How the Sampling Distribution of the Mean tutorial fits into the typical
statistics course: WISE tutorials are stand-alone modules that are
independent from other tutorials but designed to complement each other when
used in conjunction. This affords the instructor maximum flexibility in using
WISE tutorials in a curriculum tailored to specific learning goals.
The Sampling Distribution of the Mean (SDM) Tutorial assumes that
students have some familiarity with basic elementary statistics, such as
means, standard deviation, variance, and the normal distribution, and
sampling distributions. The SDM tutorial includes optional links to brief
reviews of z-scores and normal distributions as well as the Central
Limit Theorem (CLT). Following the SDM tutorial, students may complete the
CLT Theorem Module, which is intended to prepare students to learn
about hypothesis testing and confidence intervals.
When to use the SDM tutorial? The SDM Exercise 1 demonstrates how
sample size affects the shape of the sampling distribution of the mean.
Instructors may use the SDM module after introducing basic descriptive
statistics, such as the mean and standard deviation, and before discussing
parametric statistics and hypothesis testing. The tutorial offers
students the chance to apply the standard normal distribution in calculating
the probability of obtaining certain values.
Suggestions for Using the SDM Tutorial
- Class demonstration/Lecture Aid
- Lab assignment
- Homework assignment
- Review assignment
The SDM tutorial and its components may be incorporated into your
classroom curriculum in several ways. Here are some suggestions:
1. Live Demonstration
As part of either a lecture or guided lab assignment, the SDM
itself may be used by the instructor to visually demonstrate different
aspects of the sampling distribution. Some instructors may choose to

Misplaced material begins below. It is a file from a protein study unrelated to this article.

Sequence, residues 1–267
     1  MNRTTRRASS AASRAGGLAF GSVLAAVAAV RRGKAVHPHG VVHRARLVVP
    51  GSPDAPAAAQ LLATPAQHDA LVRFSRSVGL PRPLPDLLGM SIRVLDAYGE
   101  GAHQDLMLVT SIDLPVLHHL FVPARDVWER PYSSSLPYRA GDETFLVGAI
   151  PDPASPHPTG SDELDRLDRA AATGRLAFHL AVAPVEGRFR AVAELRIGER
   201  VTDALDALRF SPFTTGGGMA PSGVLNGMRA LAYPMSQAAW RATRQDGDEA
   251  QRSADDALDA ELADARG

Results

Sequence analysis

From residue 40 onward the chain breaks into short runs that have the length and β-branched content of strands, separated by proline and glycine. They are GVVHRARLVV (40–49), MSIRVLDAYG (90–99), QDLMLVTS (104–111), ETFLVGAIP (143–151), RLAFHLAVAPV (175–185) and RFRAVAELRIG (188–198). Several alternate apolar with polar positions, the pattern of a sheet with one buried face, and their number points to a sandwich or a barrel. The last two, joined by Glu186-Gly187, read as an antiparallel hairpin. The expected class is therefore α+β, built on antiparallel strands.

step through parts or all of the tutorial in a demonstration mode.
This demonstration may serve as a stimulus for classroom discussion
and/or introduction to an assignment for students. See our
step-by-step guide for a live demonstration using the
particular, instructors may use the applet to demonstrate
the relevance of the CLT to distributions of any shape. The
applet provides options for normal, binomial, and uniform
distributions. Samples drawn from all of
these distributions, given that samples are large enough,
produce normal sampling distributions
Demonstration Guide | Instructions for Using
2. Post-lecture Assignment
The major portion of the tutorial, Exercise 1, may be used as either a
guided lab exercise or an independently-completed homework assignment to
reinforce and explore statistical concepts introduced by the instructor
during lecture. Although answers
to selected Exercise questions are provided, students still need to draw their
own conclusions throughout the Exercise and integrate information in response to
Before completing Exercise 1, students may print the Exercise pages either in
their entirety [the
Tutorial pages] or an answer only sheet
[the Worksheet pages]
to write down their responses and calculations as they work through the Exercise.
Alternatively, students may complete the Exercise online and then print out either set
of these pages which will automatically include their online responses. Instructors
may ask students to submit additional pages showing their calculations.
For z-probability calculations, students may use either a table
for the standardized normal distribution (z) or the
enabled on students’ browsers to use many features of
the SDM tutorial. Most students complete Exercise 1 in less than 45 minutes.
For more information, see the introduction
to the tutorial.
Exercise 1 involves p-z calculations integrated with drawing
samples of different sizes using the SDM applet. Supplemental reviews
briefly cover z-scores and the Central Limit Theorem.
Additional review of major concepts concerning the sampling
distribution of the mean is supported by two sections in the
tutorial: review questions and follow-up questions. These questions
may be assigned independently of the Exercise questions.
The review questions are seven multiple choice questions that may be
online or on a printed-out
version that students may turn in to the instructor. Students have access to
the answers to the review questions in the interactive version.
The follow-up questions require open-ended responses and are more conceptual
than the review questions. As answers to follow-up questions are not posted
online, these questions may be downloaded as a
to be submitted and evaluated.
We hope this tutorial is helpful for you and your students, and we
welcome your feedback on this tutorial and other aspects of the WISE site.
Please send your comments to email@example.com.
Questions, comments, difficulties? See our
technical support page or contact us: firstname.lastname@example.org.